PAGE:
Science Year Plastic Pirates Set their Sights on the Environment
Science Year 2016/17 is focusing on our seas and oceans. Within the framework of a join-in project, young people are investigating the extent to which our waterways have been contaminated by plastic waste.
Turtles whose shells are tangled in plastic threads. Dead seabirds whose stomachs have been cut open and reveal all kinds of colourful plastic particles. These are the typical images that dramatically warn about the consequences of polluting our seas. Every year up to 12.7 million tons of plastic waste end up in the sea. Almost two-thirds of the plastic waste in Europe comes from disposable packaging, the kind used in everyday life. A standard plastic drink bottle has to float around in the water for about 450 years before it decomposes.
The pollution of the oceans has serious consequences for the animal world. More than a million seabirds and around a hundred thousand other creatures die from plastic waste every year. Not to mention the still unknown consequences for humans when fish, mussels and prawns ingest microplastics. These are plastic particles less than five millimetres in size. They come from weather-beaten objects or from the cosmetics industry.
“The sea starts here!”In order to thoroughly explore the impact of plastics on our seas, the German federal government is investing 28 million euros in a large-scale program. And the Science Year 2016/17 has also been devoted to the topic. The German Federal Ministry of Education and Research (BMBF) and the Initiative Wissenschaft im Dialog/WiD (Science in Dialogue Initiative) launched the first Science Year project back in 2000. They are intended to promote dialogue between research and the general public on current scientific developments. Every year the focus is on a different theme and these themes are accompanied by all kinds of join-in projects. “Plastic Pirates” is one of these projects – one in which children and young people have focused on Germany’s waterways. They examined streams, rivers and riverbanks, their findings were documented on a digital map, under the slogan “The sea starts here!”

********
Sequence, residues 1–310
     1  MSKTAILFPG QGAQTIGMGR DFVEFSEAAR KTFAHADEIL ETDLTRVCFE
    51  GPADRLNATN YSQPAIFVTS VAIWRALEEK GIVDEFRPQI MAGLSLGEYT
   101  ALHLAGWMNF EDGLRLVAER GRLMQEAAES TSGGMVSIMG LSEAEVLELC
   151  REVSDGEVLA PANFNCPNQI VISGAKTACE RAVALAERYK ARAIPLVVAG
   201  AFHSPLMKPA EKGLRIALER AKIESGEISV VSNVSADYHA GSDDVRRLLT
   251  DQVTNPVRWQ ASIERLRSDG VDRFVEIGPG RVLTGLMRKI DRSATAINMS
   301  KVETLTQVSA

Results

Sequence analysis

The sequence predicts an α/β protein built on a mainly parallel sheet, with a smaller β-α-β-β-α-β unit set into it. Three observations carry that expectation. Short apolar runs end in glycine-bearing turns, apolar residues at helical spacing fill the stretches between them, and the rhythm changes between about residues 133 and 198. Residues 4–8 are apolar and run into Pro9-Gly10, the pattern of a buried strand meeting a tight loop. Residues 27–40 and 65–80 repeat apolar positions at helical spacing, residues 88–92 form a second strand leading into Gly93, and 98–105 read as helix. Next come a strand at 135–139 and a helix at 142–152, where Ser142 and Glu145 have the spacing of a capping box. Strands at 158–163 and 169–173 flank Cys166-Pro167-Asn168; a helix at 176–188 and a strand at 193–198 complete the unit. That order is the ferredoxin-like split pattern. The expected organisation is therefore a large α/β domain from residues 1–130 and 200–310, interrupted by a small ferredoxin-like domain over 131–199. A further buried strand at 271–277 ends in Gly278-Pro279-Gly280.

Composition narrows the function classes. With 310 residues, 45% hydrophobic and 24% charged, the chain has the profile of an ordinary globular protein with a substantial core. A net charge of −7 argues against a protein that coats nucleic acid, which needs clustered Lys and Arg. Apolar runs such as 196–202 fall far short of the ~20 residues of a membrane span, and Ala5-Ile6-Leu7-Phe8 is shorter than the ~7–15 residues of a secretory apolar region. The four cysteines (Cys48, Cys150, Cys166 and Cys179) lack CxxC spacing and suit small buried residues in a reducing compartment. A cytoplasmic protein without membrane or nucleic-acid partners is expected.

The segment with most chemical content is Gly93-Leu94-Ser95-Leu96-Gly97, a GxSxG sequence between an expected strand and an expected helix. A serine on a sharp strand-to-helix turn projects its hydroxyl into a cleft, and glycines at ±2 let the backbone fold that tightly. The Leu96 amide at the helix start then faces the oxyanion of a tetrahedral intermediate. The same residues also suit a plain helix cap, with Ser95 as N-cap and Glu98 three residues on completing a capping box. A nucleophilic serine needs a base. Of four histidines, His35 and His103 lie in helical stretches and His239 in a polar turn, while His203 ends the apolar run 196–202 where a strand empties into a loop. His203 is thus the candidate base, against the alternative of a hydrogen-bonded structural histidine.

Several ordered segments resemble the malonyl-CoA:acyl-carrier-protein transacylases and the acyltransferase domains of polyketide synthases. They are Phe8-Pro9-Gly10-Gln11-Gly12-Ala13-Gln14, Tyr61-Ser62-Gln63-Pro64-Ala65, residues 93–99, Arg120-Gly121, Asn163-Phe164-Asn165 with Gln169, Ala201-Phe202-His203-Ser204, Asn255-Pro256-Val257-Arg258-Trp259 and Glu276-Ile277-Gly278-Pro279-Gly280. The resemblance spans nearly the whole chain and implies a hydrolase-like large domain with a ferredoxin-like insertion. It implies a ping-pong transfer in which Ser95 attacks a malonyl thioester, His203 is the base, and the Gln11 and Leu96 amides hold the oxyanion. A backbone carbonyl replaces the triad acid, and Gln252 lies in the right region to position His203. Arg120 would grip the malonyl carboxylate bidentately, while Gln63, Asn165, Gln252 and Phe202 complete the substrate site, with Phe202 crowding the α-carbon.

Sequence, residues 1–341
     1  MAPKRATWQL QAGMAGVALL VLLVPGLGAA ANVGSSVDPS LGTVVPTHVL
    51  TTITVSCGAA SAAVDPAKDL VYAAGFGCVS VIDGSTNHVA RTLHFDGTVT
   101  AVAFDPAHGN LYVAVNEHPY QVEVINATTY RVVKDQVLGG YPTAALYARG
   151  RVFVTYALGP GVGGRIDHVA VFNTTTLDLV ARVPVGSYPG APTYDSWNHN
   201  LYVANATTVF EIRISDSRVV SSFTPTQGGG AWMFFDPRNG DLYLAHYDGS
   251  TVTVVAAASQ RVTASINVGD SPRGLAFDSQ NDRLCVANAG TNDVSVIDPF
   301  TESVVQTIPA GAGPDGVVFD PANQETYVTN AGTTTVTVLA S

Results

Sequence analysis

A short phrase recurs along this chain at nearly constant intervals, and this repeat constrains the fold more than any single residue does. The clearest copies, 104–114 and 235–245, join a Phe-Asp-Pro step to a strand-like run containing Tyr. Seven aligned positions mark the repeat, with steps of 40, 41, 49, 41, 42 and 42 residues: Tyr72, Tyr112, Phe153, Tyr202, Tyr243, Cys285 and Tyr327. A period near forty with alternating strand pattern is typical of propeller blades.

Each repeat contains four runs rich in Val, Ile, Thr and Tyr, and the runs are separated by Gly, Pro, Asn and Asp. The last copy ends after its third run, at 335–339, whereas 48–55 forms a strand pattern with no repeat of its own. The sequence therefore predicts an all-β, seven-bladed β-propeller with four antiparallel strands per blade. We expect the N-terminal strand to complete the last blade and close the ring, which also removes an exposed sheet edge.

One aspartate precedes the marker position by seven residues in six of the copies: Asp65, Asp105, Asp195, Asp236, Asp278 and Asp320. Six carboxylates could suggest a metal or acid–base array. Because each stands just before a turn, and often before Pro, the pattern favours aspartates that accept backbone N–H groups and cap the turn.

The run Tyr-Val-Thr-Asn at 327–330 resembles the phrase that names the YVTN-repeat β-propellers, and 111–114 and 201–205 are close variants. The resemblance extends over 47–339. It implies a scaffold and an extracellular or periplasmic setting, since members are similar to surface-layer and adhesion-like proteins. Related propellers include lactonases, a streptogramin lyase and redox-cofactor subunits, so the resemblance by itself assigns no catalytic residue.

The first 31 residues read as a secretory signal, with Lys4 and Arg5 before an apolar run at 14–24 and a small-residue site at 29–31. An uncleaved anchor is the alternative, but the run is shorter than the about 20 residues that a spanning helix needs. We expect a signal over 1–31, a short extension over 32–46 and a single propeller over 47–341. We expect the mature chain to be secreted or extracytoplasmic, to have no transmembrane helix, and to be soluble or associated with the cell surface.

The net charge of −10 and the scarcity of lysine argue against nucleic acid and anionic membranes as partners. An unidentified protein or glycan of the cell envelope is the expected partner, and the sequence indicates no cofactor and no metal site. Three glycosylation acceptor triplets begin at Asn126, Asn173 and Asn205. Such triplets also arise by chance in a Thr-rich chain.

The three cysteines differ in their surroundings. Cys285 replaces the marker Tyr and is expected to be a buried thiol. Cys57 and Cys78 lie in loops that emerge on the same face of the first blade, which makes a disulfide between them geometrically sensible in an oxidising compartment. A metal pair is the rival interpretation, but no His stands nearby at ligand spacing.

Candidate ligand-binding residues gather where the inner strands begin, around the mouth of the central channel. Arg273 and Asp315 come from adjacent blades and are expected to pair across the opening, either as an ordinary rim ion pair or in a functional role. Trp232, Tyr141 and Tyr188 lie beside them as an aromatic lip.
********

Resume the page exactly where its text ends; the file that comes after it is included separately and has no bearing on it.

It is not just our seas and oceans that are being examined, environmentalists are now also focussing on European rivers. The tenth grade at the Volkmarode integrated comprehensive school in Braunschweig have ecology as a subject and this is what they are also concentrating on. On the initiative of their teacher, Jana Gömmer, the young people participated in the Plastic Pirates project and took a closer look at a section of the river Oker. The Oker is a 128-kilometre-long river in the state of Lower Saxony. Its waters eventually flow into the river Aller and the river Weser, so the pollution actually reaches the North Sea in a somewhat roundabout way. The students found, among other things, crown bottle caps with plastic inserts, bottles and a CD. They sent all the things they found to Kiel, along with a net that filtered microplastics for an hour from the waters of the Oker.
Research partners in Kiel and CoquimboThe School Science Lab at the University of Kiel and the marine biology team at the Chilean University of Católica del Norte in Coquimbo are jointly analysing the Pirates’ findings. “In many places, there is still hardly any research being done on plastic waste from flowing waterways. The Plastic Pirates are helping us to close this gap,” explains marine biologist and laboratory manager, Katrin Knickmeier. “We are hoping for answers to questions such as: Which rivers in Germany are particularly polluted? In which state do the rivers have the most garbage? Are large rivers more polluted than small - and how dangerous is this plastic waste?”
The pupils are particularly motivated by the fact that they can help to develop ideas for the protection of the oceans, says teacher Jana Gömmer. “They are enthusiastic because their project has not just fizzled out and come to nothing, but actually has some real scientific benefit.” The Kiel Research Institute also teaches them how they can avoid plastic waste in their own daily lives. “It strengthens the young people’s awareness that big things in fact have small beginnings.”